Drew Gooden failed to move quickly enough on defense to stop the Texas postman from scoring. Then a referee whistled Gooden for fouling the Longhorn.
Coach Roy Williams leapt off the Jayhawk bench in disgust and yanked his left arm out of his coat as he stared at the play under the Longhorns' basket. He wheeled back toward the Kansas bench, pivoted and swung his hips hard, flinging the coat into the Jayhawk crowd.
The referee thought Williams' histrionics -- deployed often in defense of KU players -- were aimed at him, and he called Williams for a technical foul. The referee was wrong.
Roy Williams is a perfectionist. He expects Gooden to never get beaten on defense. He demands that 16,300 fans pack Allen Fieldhouse for every Jayhawk home game. He demands that they cheer loud and long. Last season Williams attacked fans he considered too quiet by saying, "If you don't want to cheer for us, keep your big butts at home. I'll find enough friends to come in here."
Although he often makes a big show of "protecting" Jayhawk players, he'll let them hang themselves on the court just to make a point about perfection. Williams hates to call time-outs to slow down an opposition's offense. He sees the action as a sign of weakness. "I get so damn tired of talking about time-outs," Williams grumbled after being asked why he didn't try to interrupt Baylor's February 12 scoring binge by calling a time-out or two during the first half. Baylor jumped to a 25-point halftime lead and hung on for an 85-77 win.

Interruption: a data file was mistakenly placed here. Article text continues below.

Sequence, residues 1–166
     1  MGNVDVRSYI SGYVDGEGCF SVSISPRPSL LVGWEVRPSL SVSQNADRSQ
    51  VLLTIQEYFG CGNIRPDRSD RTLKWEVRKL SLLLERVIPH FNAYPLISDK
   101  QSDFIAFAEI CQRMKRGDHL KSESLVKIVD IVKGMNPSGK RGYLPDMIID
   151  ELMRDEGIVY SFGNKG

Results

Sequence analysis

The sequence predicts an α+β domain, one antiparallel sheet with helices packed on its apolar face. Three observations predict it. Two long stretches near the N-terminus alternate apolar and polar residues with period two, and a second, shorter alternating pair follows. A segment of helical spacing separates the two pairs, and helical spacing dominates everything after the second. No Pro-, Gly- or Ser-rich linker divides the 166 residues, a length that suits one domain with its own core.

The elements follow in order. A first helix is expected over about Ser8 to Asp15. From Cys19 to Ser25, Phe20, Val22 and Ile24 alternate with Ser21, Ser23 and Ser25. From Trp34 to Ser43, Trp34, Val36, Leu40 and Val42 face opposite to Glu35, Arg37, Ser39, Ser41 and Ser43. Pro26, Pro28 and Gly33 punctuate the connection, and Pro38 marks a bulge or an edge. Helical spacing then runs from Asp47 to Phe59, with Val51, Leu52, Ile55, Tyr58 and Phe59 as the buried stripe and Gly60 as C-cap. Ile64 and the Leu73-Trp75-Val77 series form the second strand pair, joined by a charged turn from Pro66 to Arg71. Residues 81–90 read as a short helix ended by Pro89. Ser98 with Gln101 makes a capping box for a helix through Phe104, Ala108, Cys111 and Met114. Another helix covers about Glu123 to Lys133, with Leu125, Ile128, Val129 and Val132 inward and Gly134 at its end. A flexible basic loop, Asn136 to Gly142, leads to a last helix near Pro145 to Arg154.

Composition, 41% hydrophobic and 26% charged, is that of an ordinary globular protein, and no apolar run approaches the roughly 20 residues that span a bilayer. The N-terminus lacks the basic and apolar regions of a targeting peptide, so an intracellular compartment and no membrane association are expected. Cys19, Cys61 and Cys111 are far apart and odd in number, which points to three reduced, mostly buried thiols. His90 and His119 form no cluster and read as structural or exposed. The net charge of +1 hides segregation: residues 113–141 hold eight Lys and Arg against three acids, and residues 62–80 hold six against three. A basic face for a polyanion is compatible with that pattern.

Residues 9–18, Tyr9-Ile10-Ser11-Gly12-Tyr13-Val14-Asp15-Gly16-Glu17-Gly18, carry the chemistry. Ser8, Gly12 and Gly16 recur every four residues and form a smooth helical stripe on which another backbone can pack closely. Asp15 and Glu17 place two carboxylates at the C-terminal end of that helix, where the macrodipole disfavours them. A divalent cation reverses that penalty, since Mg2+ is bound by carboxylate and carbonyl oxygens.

Williams rarely makes his team members study their upcoming opponents' moves until the day before the game. He explains that if Kansas players practice what they do best and execute -- perfectly -- on the court, they'll win no matter what the other team does.
Coach Williams will tell you that he is very competitive. "I've never met anybody in my life that wants to win as badly as I do," he has said. Some might call him arrogant. He owned Big 8/12 basketball during the 1990s. He has led Kansas to seven conference championships, eleven consecutive twenty-win seasons, eleven straight NCAA tournament appearances and the Final Four in 1991 and 1993. Roy Williams has had much to be arrogant about -- until this season.